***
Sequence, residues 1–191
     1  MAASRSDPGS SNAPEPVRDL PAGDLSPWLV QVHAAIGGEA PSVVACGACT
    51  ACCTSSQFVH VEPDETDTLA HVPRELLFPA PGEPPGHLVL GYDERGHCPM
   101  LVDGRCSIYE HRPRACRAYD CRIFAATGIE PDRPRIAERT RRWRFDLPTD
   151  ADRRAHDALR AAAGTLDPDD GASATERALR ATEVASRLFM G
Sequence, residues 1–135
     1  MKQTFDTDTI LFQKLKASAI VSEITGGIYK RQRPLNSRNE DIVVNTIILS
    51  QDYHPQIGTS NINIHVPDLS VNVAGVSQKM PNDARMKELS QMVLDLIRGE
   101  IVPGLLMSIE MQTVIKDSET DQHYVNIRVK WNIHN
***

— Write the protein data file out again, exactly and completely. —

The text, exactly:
Sequence, residues 1–191
     1  MAASRSDPGS SNAPEPVRDL PAGDLSPWLV QVHAAIGGEA PSVVACGACT
    51  ACCTSSQFVH VEPDETDTLA HVPRELLFPA PGEPPGHLVL GYDERGHCPM
   101  LVDGRCSIYE HRPRACRAYD CRIFAATGIE PDRPRIAERT RRWRFDLPTD
   151  ADRRAHDALR AAAGTLDPDD GASATERALR ATEVASRLFM G
Sequence, residues 1–135
     1  MKQTFDTDTI LFQKLKASAI VSEITGGIYK RQRPLNSRNE DIVVNTIILS
    51  QDYHPQIGTS NINIHVPDLS VNVAGVSQKM PNDARMKELS QMVLDLIRGE
   101  IVPGLLMSIE MQTVIKDSET DQHYVNIRVK WNIHN